In society, the theory of consumerism becomes a strong critique when talking about the modern era. Every day, people buy things either for reasons of hedonism, to fulfill desires, to play a role in social status, to form identity bonds, or to represent memories. What happens in modern culture where excess goods can lead to excessive commodification? However, it is not only objects but also people.
In short, consumerism has come to the attention of many people in the last two decades of the twentieth century. The effects become more pronounced as society enters the early millennium stage. Such depictions of modern consumerism can range from comedy to lightheartedness. The opinions could be taken individually or as a dystopian hint at consumerism. American Psycho is an example of a film that addresses growing consumer culture concerns.
Adapted from a book of the same name, Bret Easton Ellis (the author of the book) depicts the dark side of the inner emptiness and isolation that guide his character. For many, consumerism has become the only societal practice they have ever experienced. Therefore, it is difficult to separate itself from itself without looking at its origins as a whole. One example of being critical of the impact of media on promoting consumerism on consumers through advertising is when discussing the formation of modern consumer culture.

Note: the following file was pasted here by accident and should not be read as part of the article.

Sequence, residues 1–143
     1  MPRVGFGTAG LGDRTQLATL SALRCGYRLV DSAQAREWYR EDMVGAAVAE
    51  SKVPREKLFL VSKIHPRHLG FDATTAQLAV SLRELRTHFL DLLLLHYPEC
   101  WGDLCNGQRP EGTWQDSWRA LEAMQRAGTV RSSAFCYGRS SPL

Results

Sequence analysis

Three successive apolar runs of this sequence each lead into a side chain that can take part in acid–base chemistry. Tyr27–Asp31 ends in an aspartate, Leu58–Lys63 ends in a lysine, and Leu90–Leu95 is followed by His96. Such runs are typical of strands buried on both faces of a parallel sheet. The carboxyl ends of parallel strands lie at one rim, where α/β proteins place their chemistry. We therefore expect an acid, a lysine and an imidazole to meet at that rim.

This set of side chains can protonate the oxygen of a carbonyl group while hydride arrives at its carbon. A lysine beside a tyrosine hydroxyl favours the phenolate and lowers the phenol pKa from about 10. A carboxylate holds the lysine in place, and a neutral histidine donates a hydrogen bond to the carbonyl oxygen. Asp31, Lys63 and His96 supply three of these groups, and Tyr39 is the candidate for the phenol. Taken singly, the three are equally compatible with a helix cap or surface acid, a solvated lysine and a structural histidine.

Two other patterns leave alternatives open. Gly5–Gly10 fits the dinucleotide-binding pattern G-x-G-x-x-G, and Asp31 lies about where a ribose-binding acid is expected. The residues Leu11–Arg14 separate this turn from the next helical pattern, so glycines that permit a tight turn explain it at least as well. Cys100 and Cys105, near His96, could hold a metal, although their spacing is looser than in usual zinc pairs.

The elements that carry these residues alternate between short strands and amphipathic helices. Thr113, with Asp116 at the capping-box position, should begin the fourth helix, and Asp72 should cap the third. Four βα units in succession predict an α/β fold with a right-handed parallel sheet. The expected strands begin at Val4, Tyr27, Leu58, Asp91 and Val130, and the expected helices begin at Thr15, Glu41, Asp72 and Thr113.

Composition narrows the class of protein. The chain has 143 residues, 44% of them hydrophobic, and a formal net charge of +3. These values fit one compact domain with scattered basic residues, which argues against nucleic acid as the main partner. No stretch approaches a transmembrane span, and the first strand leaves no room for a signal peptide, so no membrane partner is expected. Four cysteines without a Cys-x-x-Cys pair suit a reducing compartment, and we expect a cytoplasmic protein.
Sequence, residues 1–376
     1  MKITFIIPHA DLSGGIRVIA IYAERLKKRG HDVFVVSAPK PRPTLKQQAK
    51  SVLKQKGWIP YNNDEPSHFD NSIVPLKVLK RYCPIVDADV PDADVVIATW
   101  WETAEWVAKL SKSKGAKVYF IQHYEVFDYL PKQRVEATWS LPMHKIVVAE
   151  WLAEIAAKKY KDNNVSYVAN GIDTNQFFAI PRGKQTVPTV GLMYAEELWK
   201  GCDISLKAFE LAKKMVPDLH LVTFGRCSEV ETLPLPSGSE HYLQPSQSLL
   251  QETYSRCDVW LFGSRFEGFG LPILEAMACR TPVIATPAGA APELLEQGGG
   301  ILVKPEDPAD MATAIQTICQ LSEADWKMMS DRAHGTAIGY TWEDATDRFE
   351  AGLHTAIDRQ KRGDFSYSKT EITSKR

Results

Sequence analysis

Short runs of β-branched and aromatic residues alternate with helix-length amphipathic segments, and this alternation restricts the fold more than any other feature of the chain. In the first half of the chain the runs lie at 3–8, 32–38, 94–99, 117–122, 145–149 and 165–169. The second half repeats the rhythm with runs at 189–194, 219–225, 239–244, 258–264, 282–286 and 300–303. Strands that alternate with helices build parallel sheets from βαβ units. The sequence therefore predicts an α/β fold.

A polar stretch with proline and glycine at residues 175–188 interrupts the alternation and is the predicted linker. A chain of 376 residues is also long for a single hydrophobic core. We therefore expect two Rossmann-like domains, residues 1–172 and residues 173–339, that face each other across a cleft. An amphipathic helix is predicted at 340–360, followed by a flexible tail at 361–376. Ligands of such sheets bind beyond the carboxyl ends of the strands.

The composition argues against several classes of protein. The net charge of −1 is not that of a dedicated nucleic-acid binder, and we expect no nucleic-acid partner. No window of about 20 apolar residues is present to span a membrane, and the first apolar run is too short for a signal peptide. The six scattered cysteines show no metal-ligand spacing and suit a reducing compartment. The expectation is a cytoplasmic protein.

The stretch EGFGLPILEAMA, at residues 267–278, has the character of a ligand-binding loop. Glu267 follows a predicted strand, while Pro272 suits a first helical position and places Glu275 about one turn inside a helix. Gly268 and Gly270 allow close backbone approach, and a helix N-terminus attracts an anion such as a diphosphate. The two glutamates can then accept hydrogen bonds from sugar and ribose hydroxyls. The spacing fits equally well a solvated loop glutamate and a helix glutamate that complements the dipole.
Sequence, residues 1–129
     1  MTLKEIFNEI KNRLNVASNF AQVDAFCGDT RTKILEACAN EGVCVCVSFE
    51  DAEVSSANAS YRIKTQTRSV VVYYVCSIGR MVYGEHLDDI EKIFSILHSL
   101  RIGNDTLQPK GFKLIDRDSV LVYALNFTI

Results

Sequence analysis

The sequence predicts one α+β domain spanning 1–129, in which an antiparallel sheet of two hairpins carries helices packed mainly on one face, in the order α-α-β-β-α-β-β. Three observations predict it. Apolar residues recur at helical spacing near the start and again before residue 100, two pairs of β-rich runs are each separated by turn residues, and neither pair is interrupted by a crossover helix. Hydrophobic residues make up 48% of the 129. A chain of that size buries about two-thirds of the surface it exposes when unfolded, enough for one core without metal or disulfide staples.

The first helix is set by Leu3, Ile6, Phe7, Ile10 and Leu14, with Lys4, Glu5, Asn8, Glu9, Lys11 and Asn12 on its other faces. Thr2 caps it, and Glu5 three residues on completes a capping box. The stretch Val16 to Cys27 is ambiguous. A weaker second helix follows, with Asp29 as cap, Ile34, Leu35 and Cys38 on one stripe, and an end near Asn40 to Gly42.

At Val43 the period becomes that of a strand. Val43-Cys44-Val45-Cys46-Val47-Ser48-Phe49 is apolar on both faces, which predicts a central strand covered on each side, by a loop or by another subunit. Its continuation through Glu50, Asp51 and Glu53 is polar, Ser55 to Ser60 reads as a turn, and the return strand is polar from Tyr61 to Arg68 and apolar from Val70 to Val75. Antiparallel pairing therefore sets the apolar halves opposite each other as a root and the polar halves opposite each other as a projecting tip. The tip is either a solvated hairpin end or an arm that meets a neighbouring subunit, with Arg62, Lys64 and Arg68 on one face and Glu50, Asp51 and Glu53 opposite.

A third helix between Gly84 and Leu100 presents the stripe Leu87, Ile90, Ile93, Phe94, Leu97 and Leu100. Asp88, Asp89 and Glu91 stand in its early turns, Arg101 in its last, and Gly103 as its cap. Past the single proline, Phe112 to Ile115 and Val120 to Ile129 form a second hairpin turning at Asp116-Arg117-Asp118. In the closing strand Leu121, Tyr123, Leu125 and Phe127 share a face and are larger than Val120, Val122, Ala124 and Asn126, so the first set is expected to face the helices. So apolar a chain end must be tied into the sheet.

On the Consumer’s Psyche
The case explores the point of view of the protagonist of Mary Harron’s film adaptation as a male character and how a particular trigger can influence the negative impact of media on the consumer’s psyche. The heyday of a new type of narcissist and the heyday of yuppie culture is the most unique phenomena for people to explore. Broadly speaking, consumerism is a set of commodity practices that act as part of a particular individual.
Theorists have emphasized the relationship between goods and people that society consumes. That means that even companies that produce commodities in large quantities can have them personalized in real-time. The phenomenon commonly referred to as “traditional consumption” refers to a period when companies produce consumer goods locally or in groups. While the closest equivalence to modern shopping is seasonal or weekly markets, the larger of which is an almost international market, there is a personal connection to consumer goods.
Due to major differences, most items are not on display. Instead of acting as an explorer, the main practice is bargaining. In another definition, consumerism plays a role in the manufacture of services and the use of goods. People who get services or goods by exchanging money are usually referred to as “consumers.”
While it does not emphasize any relationship that goods acquire and consumers establish, it does focus more on what the goods are used for. Theorists call the phenomenon “modern consumerism.” On the other hand, consumerism has been widely misunderstood in the West, especially in America. According to a stereotype, women are the main consumers. They shop the most.
However, historians agree that the views are often misinterpreted. In essence, men also consume and spend more on consumer goods than women. Ironically, they control more resources while consuming them differently. Significantly, women usually buy retail goods from wholesalers. For men who can without a doubt visit a department store, they will have various associations.